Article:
0 152

Cited 2 times in

Intravitreal Bevacizumab for Traumatic Choroidal Rupture

 Min Kim  ;  Jin Hyung Kim  ;  Yuri Seo  ;  Hyoung Jun Koh  ;  Sung Chul Lee 
 OPTOMETRY AND VISION SCIENCE, Vol.92(10) : e363-e367, 2015 
Journal Title
Issue Date
Adolescent ; Angiogenesis Inhibitors/therapeutic use* ; Bevacizumab/therapeutic use* ; Choroid/injuries* ; Eye Injuries/drug therapy* ; Eye Injuries/etiology ; Eye Injuries/physiopathology ; Fluorescein Angiography ; Humans ; Intravitreal Injections ; Male ; Retinal Detachment/drug therapy ; Retinal Detachment/etiology ; Retinal Detachment/physiopathology ; Retinal Hemorrhage/drug therapy ; Retinal Hemorrhage/etiology ; Retinal Hemorrhage/physiopathology ; Rupture ; Tomography, Optical Coherence ; Vascular Endothelial Growth Factor A/antagonists & inhibitors ; Visual Acuity/physiology ; Wounds, Nonpenetrating/drug therapy* ; Wounds, Nonpenetrating/etiology ; Wounds, Nonpenetrating/physiopathology
traumatic choroidal rupture ; intravitreal bevacizumab ; choroidal neovascularization
PURPOSE: To report a case of visual loss associated with traumatic choroidal rupture after blunt ocular trauma that was successfully treated with an early intravitreal bevacizumab injection despite the absence of choroidal neovascularization (CNV). CASE REPORT: A 14-year-old boy presented with visual disturbance in his left eye after sustaining an ocular contusion 4 weeks earlier. The best-corrected visual acuity (BCVA) in the left eye was 20/50. Funduscopic examination revealed macular choroidal rupture accompanied by subretinal hemorrhage. Optical coherence tomography (OCT) showed accumulation of subretinal fluid around a disrupted retinal pigment epithelium/Bruch membrane complex extending into the juxtafoveolar area, but there was no active leakage suggestive of CNV on fluorescein angiography. Intravitreal bevacizumab (1.25 mg) injection was performed to treat persistent serous retinal detachment at macula causing visual loss. There was a reduction of subretinal fluid and concomitant improvement of BCVA to 20/30 within 1 week after intravitreal bevacizumab injection. The BCVA recovered to 20/25 in the left eye after 4 weeks, and only a minimal amount of residual fluid remained according to OCT. Complete resolution of subretinal fluid was observed by OCT at the 6-week follow-up examination, and BCVA improved to 20/20. Good visual acuity (20/20) and stable macula were maintained in the left eye at 1 year of follow-up without recurrence of subretinal fluid accumulation or hemorrhage and CNV. There were no ocular or systemic complications associated with intravitreal bevacizumab injection. CONCLUSIONS: Early intravitreal bevacizumab injection could be an effective treatment option for patients with vision loss associated with traumatic choroidal rupture and subretinal fluid within the posterior pole before development of CNV.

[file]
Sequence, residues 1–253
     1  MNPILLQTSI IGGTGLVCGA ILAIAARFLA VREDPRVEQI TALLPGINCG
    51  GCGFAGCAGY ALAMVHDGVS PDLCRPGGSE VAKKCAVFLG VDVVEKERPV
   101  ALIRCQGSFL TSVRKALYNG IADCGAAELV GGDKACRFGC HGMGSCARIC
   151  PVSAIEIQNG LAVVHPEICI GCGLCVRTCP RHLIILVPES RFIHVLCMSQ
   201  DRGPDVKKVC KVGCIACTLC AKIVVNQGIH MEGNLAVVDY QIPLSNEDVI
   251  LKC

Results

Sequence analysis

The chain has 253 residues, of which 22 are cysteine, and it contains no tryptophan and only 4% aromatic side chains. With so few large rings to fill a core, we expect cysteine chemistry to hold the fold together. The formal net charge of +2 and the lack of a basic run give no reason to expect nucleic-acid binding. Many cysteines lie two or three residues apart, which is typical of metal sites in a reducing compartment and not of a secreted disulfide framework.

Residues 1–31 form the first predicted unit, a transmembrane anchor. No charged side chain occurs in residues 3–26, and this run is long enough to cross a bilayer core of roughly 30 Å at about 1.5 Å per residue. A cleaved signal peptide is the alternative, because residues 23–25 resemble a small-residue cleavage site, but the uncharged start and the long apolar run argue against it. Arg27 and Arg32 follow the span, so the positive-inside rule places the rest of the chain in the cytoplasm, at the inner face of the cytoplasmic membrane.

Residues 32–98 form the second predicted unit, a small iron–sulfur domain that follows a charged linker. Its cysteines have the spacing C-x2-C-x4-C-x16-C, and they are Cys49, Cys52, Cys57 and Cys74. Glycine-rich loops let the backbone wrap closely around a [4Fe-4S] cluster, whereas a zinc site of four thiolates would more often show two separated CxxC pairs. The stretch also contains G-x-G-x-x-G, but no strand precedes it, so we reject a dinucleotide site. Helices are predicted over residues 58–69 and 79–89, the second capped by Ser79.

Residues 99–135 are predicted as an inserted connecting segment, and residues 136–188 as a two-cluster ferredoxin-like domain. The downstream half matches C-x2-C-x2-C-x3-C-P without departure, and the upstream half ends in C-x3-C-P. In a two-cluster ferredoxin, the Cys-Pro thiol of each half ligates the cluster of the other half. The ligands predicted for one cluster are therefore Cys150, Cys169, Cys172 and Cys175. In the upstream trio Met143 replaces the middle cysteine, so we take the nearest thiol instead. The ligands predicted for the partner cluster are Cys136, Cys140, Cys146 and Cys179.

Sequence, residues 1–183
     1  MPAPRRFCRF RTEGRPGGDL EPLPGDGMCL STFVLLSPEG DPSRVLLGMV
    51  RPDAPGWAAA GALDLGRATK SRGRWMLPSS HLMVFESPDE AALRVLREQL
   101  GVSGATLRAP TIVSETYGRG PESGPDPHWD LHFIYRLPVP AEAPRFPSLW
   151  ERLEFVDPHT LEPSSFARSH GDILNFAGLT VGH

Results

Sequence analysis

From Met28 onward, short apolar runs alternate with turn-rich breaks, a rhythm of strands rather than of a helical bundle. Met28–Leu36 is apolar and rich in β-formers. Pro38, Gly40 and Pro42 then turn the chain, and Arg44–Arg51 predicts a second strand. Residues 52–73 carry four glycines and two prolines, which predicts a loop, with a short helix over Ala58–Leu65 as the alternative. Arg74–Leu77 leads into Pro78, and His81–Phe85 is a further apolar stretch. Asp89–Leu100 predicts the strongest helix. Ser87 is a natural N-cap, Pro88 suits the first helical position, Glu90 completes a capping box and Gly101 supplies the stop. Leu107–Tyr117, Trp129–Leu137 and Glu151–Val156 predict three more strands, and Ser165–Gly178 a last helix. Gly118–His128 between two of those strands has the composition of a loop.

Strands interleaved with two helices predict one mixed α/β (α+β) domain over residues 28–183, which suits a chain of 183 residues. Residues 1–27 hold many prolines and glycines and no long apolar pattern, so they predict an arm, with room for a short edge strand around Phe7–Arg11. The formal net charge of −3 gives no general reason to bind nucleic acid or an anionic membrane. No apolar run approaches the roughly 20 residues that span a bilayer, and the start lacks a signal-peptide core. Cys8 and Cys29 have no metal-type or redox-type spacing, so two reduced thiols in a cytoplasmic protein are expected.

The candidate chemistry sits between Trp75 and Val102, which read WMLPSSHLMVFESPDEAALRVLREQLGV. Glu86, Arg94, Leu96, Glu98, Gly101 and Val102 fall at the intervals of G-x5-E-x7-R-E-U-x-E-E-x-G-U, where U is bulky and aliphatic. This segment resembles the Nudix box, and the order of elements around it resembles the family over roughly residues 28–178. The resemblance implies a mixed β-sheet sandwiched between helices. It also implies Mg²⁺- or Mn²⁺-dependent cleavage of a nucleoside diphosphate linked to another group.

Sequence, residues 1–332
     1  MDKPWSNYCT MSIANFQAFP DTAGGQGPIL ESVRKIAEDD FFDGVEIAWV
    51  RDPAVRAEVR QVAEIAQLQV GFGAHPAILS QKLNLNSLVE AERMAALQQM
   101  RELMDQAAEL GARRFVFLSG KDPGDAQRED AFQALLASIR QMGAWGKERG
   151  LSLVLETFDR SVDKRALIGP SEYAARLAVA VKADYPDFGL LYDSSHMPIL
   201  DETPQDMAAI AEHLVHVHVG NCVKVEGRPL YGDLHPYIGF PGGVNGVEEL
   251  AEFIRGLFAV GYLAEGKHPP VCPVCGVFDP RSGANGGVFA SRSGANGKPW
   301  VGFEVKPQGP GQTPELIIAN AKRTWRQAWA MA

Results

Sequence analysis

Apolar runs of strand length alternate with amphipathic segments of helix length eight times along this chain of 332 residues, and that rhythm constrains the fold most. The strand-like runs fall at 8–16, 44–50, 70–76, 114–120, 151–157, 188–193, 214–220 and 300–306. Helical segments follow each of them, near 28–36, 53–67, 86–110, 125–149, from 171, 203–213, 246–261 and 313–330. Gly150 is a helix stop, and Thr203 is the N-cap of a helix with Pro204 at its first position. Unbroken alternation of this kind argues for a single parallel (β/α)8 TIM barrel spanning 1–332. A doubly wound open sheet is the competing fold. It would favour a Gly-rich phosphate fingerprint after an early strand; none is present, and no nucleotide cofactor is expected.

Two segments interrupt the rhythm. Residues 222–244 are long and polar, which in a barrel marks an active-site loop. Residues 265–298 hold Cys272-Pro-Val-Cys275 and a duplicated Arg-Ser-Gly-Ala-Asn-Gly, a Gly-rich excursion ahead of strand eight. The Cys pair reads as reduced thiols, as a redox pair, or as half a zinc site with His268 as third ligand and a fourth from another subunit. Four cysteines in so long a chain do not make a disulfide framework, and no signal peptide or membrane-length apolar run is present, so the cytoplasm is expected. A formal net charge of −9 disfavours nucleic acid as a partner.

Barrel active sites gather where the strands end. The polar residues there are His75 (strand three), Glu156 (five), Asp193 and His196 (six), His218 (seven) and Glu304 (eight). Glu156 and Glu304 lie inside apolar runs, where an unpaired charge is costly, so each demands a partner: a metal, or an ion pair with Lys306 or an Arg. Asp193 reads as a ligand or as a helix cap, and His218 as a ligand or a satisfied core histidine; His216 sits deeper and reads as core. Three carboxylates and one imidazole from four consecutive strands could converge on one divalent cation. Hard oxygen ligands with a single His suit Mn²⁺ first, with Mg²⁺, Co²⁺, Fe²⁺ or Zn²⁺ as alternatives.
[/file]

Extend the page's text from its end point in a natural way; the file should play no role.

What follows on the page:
Full Text
Appears in Collections:
1. College of Medicine (의과대학) > Dept. of Ophthalmology (안과학교실) > 1. Journal Papers
Yonsei Authors
Koh, Hyoung Jun(고형준) ORCID logo https://orcid.org/0000-0002-5932-8516
Kim, Min(김민) ORCID logo https://orcid.org/0000-0003-1873-6959
Seo, Yuri(서유리)
Lee, Sung Chul(이성철) ORCID logo https://orcid.org/0000-0001-9438-2385
사서에게 알리기


Items in DSpace are protected by copyright, with all rights reserved, unless otherwise indicated.